Tokyo, Friday July 29: The JAL Group has decided on changes in route network, frequency and fleet plans in the second half of the current business year ending March 31 2006.
Up to now JAL has tried to overcome the effects of rising fuel prices through restructuring and cost improvements but the company has reviewed its previous plans placing further emphasis on increasing profitability.
The following fundamental policies have been applied to each business segment.
International passenger business: JAL will suspend under-performing routes in order to maximize profitability. Low cost subsidiary, JALways, will be introduced on more routes to increase cost competitiveness. In the period JAL will retire a total of four 747 aircraft, three more than was initially planned.
Domestic passenger business: JAL will continue to develop network plans in an effort to increase passenger convenience at the same time as maximizing profitability.
International Cargo: JAL will review freighter route and frequency to meet changes in market demand and increase revenue.
A. International Passenger Routes
(1) Reduction and suspension of low profit routes
(2) Review of JALways' role
From October 1st, JALways will maintain its operating capacity by taking over four routes from JAL: Tokyo-Manila, Tokyo-Brisbane, Tokyo-Denpasar (Bali) and Osaka-Denpasar. JALways already flies on selected routes including Japan-Honolulu routes and Japan-Bangkok routes.
(3) Other changes to international passenger services
B. Domestic Routes
(1) Haneda Routes: JAL will allocate large, medium and small aircraft according to seasonal demand changes in order to optimize aircraft utilization. For example, larger-sized aircraft will be utilized on Sapporo routes during peak seasons.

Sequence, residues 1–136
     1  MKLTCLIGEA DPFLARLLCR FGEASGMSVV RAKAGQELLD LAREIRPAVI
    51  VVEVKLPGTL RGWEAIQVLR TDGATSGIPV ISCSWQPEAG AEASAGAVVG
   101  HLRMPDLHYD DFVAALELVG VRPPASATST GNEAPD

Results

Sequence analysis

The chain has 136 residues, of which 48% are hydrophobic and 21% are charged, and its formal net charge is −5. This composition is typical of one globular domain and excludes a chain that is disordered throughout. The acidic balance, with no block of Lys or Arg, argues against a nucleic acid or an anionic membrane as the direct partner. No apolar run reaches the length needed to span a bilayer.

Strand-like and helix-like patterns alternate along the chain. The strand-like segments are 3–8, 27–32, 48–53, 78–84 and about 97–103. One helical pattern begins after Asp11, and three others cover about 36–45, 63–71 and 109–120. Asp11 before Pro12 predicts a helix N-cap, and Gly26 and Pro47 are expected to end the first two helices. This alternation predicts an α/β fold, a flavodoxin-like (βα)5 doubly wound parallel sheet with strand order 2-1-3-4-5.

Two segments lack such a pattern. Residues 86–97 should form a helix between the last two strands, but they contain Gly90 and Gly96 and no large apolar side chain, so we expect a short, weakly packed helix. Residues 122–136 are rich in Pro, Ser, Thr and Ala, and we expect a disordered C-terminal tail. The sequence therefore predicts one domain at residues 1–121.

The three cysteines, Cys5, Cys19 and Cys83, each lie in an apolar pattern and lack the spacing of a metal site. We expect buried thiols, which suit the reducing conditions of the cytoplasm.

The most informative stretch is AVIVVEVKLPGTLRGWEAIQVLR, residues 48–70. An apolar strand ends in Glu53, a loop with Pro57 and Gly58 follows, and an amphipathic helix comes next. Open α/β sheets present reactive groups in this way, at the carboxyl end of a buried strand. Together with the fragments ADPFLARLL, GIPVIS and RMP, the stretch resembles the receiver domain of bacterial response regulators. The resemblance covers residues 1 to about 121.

(2) Osaka (Itami/ Kansai) and Kobe Routes: In order to maximize passenger convenience in the Kansai area, JAL Group will actively develop the route network from the three airports in the Kansai region: Itami, Kansai and the soon to be open Kobe Airport. The JAL Group will adopt an appropriate strategy taking into account total demand and the network development of other carriers.
When Kobe Airport opens on February 16, 2006, JAL plans to provide flights to six Japanese destinations: Sapporo, Sendai, Tokyo, Kumamoto, Kagoshima and Naha. Details will be announced in November 2005.
(3) Nagoya Routes: JAL will continue to develop business at the newly opened Chubu International Airport (also known as Centrair), such as by increasing flights between Chubu and Okinawa, where there is high demand. JAL's commuter subsidiary J-Air will increase operations with CRJ-200 aircraft at Nagoya's Komaki airport.
C. International Cargo Freighter Plans
JAL will increase flights in response to high cargo demand out of Asia.
JAL will continue to monitor the developments of bilateral aviation talks between China and Japan, and is ready to further develop both the passenger and cargo route network between these two countries.
D. Fleet Plans
Changes to previous plans.
(1) Early retirement of three additional 747 aircraft to a total of four.
(2) Transfer of one 767 aircraft from international to domestic service
By the end of FY2005 the JAL Group will operate a fleet of 281 aircraft, instead of 284 according to the original plan.
FY2005 Fleet Changes
Aircraft of Ryukyu Air Commuter (RAC) not included.
*All business plans are subject to government approval.